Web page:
Our gene ontology analysis showed that positively selected genes were enriched in categories related to the response to hypoxia and the development of blood vessels, embryos, and female gonads. Genes like EPAS1 and ELGN1, which are involved in the response to hypoxia, may have protected Tibetans from hypoxic damage and CMS. Genes involved in blood vessel development also played important roles in high-altitude adaptation. Well-developed blood vessels can increase the efficiency of oxygen utilization. High blood flow and high infant survival rates have been two vital phenotypes that have allowed Tibetans to adapt to high altitudes [8], [38], [39]. At high altitudes, high infant survival rates are tightly correlated with heavy birth-weights [38], and are determined by placental and embryonic development. Relating to placental development, three genes, VEGFA, ANGPT1, and ANG2, sequentially regulate the placental vascular network from generation to maturation [40]. Our results show that ANGPT1 was under positive selection, while VEGFA and ANG2 were not. Interestingly, expression of VEGFA and ANG2 can be up-regulated by hypoxia, whereas no evidence has been found that ANGPT1 can be as well [40], [41]. In terms of embryonic development, many genes (such as ECE1, TGFBR3, CELSR1, and ACVR2A) have shown significant signs of positive selection in Tibetans. In addition, four genes (ANGPT1, FSHR, LEPR, and PGR) that are involved in female gonad development were also candidates for positive selection in Tibetans. Therefore, we can assume that positive selection acting on genes involved in the development of blood vessels, the placenta, embryos, and female gonads may have all contributed to the Tibetans' high infant survival rate.

The quality of population-based genetic studies depends strongly on unbiased sampling. This is especially important in our case, since Tibetans from different geographic regions have displayed strong heterogeneity in their genetic background (as recorded in mitochondrial genomes) [3]. Our sample individuals were from the pasture areas of Lhasa and exhibit a similar frequency distribution pattern of mitochondrial haplogroups to that of Tibetan populations from Shigatse and Nakchu in Tibet (Figure S5). Therefore, our sample collection should properly represent Tibetans living in high altitude, and yield meaningful results [11], [12].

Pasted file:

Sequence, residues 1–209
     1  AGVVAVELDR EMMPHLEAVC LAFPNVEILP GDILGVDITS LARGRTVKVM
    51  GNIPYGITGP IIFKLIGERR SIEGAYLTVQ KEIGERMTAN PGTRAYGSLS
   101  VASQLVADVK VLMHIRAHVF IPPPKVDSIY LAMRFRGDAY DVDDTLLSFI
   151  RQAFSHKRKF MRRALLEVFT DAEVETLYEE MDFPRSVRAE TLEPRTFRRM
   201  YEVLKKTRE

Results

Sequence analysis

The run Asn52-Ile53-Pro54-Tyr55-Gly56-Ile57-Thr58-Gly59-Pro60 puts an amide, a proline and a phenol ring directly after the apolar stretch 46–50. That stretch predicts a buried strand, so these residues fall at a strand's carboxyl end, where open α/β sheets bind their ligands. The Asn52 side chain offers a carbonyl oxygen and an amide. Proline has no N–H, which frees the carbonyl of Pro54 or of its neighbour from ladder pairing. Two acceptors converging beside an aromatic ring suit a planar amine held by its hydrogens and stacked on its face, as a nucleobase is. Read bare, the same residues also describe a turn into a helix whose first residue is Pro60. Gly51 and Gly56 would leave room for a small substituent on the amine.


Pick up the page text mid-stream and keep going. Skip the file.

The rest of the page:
Our data have demonstrated that the Proto-Tibeto-Burman people form a major clade within East Asian populations, and that the major migration route into the Tibetan Plateau was via the Hengduan Mountain valleys. We also found that the Yi population, and not the Han populations used in previous studies, was a more appropriate reference for exploring the adaptation of Tibetans to high-altitudes [11], [12], [13]. Moreover, in addition to previously identified EGLN1 and EPAS1, we also found other potentially selected genes, including ANGPT1, ECE1, and LEPR, in high-altitude adaptation. These genes associate with various biological functions, such as the development of blood vessels, the placenta, embryos, and female gonads. The altered functions may certainly affect infant survival and result in adaptive phenotypes of Tibetans. More in-depth sampling and functional analyses of these genes in the future may reveal more molecular details concerning the adaptation of the Tibetan population to high-altitudes.

Materials and Methods

Ethics Statement

All donors signed the informed consent for cell line establishment and subsequent biological investigations. This project was reviewed and approved by the Ethics Committee at the Beijing Institute of Genomics, Chinese Academy of Sciences.

Samples and genotyping

Thirty unrelated Tibetans (17 males and 13 females) were collected. Sample cell lines were derived from immortalization of peripheral lymphocytes by the Epstein Barr virus.. The derived cell lines were deposited at Immortalized Cell Bank of Beijing Institute of Genomics, Chinese Academy of Sciences supported by the Knowledge Innovation Program of the Chinese Academy of Sciences. All DNA samples were obtained with DNA-extraction kits (Tiangen Biotech, Beijing, China) and genotyped on the Human 1M-Duo v3 chip (Illumina, San Diego, CA, USA) according to the manufacturer's specifications. Genotyping module of Genomestudio (Illumina, San Diego, CA, USA) was employed to call the raw data. The clustering position of genotypes was determined by standard cluster file provided by Illumina. All individuals were successfully genotyped at call rate >98.1% with genotype call threshold of 0.15. We removed all CNV markers and SNPs (6,777) that cannot be accurately clustered, leaving 1,157,616 SNPs, of which 41,873 are on the sex chromosomes and 138 on mitochondrial DNA. Only autosomal SNPs were used in the study.

Hardy-Weinberg Equilibrium (HWE)

HWE (χ2 test) of autosomal SNPs was tested in our Tibetan samples. Due to multiple testing, we set the threshold of the HWE test at P = 0.001. Of 1,115,605 autosomal SNPs, 4,066 (0.36%) failed the test and were excluded from our analyses.